If you’re seeking cremation services for when you pass on or are currently handling a loved one’s final disposition, you must have lots of questions about the entire cremation process.
These include how long does cremation take? How is the cremation process done? Who provides cremations services? Not to worry, keep reading to find out everything you need to know about cremation.
How Cremation Works
Typically, the cremation process follows the following stages:
Identification laws vary for each state. However, the process usually involves a family member confirming the identity of the deceased. Once identified, the body gets a tag that will remain on for the entire cremation process.
Florida cremation law requires you to first register the body, file for a death certificate, plus get it certified to proceed with cremation. When seeking authorization, you should consider ordering death certificate copies as they’ll help settle the deceased real estate and administrative matters.
Each cremation facility handles body preparation differently. However, the standard steps include washing and swathing. The family members will then decide whether to embalm the body before visitation.
A dead body is cremated in a cremation chamber at high temperatures starting from 1400 to 1800 degrees Fahrenheit, which reduces the corpse to bone fragments. The cremator then takes these cremated remains out to cool. Afterward, the technician will sort out the cremains to get rid of any metal such as jewelry or casket components. Finally, the cremator will use a cremulator to turn the bone fragments into ashes.
Returning the ashes
Once the cremation process is complete, the crematorium returns the ashes in an urn, or if you haven’t purchased one, you’ll collect the ashes in a plastic bag.
So, How Long Does Cremation Take?
While the cremation process takes close to three hours, it may take up to two weeks for you to receive your loved one’s ashes. Typically, the average time frame to receive your loved one’s cremains is ten days. You might be wondering why it takes this long, yet cremation gets done in just a few hours. Here’s why.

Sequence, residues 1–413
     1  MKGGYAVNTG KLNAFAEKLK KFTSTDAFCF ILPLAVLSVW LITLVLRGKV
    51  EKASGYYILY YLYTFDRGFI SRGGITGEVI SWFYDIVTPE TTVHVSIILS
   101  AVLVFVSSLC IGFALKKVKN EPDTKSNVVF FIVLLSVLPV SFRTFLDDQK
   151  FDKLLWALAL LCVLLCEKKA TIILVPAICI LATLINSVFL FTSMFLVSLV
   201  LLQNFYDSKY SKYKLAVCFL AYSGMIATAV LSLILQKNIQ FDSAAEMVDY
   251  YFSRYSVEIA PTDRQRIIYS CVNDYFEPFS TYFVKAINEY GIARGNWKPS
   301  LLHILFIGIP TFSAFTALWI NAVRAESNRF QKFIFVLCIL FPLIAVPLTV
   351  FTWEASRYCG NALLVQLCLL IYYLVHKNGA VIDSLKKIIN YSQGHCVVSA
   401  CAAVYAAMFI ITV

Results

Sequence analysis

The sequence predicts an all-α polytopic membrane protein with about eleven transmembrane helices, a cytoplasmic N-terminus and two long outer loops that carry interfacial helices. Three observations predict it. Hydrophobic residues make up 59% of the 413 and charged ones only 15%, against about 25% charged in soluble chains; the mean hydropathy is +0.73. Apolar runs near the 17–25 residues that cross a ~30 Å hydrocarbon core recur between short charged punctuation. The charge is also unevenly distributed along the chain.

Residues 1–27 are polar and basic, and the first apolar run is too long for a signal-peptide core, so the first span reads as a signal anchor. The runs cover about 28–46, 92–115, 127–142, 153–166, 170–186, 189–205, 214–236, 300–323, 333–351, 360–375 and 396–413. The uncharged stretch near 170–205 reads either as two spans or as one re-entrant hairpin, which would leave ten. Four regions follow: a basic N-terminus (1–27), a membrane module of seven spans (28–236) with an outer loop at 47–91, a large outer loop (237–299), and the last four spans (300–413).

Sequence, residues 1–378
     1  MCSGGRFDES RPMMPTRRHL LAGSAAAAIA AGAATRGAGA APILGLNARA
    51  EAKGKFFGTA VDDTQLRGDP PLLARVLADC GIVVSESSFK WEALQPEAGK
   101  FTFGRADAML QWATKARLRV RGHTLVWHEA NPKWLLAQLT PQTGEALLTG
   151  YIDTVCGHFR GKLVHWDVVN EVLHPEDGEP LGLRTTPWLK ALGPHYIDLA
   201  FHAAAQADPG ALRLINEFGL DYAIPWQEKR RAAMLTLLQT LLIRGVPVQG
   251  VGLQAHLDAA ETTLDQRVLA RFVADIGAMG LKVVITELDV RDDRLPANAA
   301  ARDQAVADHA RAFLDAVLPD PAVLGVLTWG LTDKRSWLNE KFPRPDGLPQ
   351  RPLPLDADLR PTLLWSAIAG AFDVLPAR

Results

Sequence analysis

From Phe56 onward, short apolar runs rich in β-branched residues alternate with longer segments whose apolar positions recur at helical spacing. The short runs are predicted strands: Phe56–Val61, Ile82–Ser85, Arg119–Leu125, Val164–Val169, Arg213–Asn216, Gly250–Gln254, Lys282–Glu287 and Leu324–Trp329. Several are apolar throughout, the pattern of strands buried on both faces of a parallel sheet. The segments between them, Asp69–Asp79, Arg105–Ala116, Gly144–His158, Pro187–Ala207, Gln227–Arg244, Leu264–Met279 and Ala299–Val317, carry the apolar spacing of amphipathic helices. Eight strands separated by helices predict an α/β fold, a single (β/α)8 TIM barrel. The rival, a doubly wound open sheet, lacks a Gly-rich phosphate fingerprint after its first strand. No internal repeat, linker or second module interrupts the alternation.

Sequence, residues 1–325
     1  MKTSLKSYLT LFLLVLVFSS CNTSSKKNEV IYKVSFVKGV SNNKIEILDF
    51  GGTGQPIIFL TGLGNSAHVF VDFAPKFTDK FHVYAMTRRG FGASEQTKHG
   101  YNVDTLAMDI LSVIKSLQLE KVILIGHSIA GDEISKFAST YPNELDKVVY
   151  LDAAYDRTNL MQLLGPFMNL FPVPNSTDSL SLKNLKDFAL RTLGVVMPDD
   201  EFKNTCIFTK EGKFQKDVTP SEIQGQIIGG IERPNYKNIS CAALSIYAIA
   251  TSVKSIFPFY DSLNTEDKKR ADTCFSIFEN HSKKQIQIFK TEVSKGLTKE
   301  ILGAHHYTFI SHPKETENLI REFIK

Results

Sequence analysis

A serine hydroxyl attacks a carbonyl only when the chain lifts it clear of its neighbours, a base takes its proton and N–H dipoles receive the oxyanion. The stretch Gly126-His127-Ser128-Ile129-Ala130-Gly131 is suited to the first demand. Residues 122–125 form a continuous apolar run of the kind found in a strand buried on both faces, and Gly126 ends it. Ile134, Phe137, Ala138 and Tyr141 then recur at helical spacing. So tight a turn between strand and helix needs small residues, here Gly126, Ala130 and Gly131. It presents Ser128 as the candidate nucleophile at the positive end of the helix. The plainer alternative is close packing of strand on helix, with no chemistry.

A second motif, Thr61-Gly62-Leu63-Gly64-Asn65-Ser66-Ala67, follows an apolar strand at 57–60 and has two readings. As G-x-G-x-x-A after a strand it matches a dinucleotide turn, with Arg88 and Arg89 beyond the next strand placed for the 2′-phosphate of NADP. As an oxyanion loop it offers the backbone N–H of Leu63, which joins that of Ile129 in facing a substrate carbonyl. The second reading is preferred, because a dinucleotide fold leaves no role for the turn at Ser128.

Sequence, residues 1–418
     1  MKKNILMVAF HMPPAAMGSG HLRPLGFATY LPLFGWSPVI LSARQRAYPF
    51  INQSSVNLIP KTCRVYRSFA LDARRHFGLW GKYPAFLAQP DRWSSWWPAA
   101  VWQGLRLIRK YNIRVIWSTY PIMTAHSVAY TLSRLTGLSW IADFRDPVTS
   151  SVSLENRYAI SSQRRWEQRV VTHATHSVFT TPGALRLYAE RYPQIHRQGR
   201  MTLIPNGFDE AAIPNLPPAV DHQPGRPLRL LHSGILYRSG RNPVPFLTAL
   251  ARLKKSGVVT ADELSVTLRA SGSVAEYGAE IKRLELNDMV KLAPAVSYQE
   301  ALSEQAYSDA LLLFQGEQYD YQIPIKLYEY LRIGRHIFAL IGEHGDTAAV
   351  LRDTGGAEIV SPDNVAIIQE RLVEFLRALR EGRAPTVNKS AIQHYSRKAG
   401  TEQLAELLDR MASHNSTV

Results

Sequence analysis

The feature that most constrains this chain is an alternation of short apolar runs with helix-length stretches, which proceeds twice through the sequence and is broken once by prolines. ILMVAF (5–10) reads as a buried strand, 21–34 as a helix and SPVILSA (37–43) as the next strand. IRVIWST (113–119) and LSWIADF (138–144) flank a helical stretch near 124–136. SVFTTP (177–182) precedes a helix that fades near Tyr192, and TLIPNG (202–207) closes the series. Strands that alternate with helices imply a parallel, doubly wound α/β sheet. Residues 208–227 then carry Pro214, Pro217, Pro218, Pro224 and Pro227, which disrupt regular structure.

- Cremation authorization takes up to five days. The registration and filing of the death certificate may take three days. Afterward, the coroner may take about two days to certify the document to begin the cremation process.
- The cremation process takes anywhere between two to three hours. However, this may take longer depending on the body weight and fat, cremation equipment, container, plus the cremation chamber temperature.
- Cooling the bone fragments right before pulverization takes about two hours.
- Pulverization of the cremains to ashes, then transferring them in a secure box.
- Holiday season and weekends. If you didn’t know, holidays and weekends significantly affect cremation timings. Most crematoriums close for the weekend.
- Therefore if you lose your loved one during the holiday season, chances are most staff are on holiday, making the cremation process take more time than usual. The same applies to weekends since many cremation facilities don’t open during this time.
Other than the factors mentioned above, another reason for the lengthy cremation process today would be the upsurge in cremation requests and backlog owing to influx of deaths resulting from the pandemic.
How does one know that they’ve received the correct cremated remains?
As mentioned earlier, the medical examiner will put a tag on the corpse during identification. That’s not all. The cremator will use this tag and the cremation authorization documents to ensure clients receive their loved one’s ashes.
Does the body undergo cremation with clothing?
Yes. Family members choose which outfit they would want their loved ones to wear. Otherwise, the cremator will cover the corpse with a hospital gown before cremation.
What about jewelry?
Again, this will be up to the family members. If you wish to leave jewelry on your loved one, that’s fine. With cremation, most of the jewelry will disintegrate due to the extreme heat.
What happens to the casket during cremation?
Besides clothing, your loved one will stay in a casket before cremation. Usually, a wooden or cardboard coffin is ideal since metal wouldn’t combust well during cremation.
Does the crematorium cremate several decedents at once?
No, a crematorium may cremate several bodies in one room simultaneously but not in the same cremation chamber.
Can family members observe the cremation process?
Yes. However, this depends on whether the crematorium can accommodate cremation observation. Modern cremation facilities are more likely to have a viewing area where loved ones can watch the entire cremation process.
Who receives the ashes?
Only those who’ve signed the cremation authorization can collect the ashes. Typically, it’s the parent or the partner. However, if the deceased is a parent, all children must sign to allow for the cremation process.
Are You Looking for Cremation Services in Clearwater?
You now know how long cremation takes, the documentation required, and what to expect during the entire process. If you’re considering cremation after your passing, we recommend cremation pre-planning. Doing so will ensure your family knows about your wishes and will also reduce the burden of planning the funeral while grieving. To learn more about pre-planning and other cremation services, call Florida Family Cremations today at (727) 223-5911.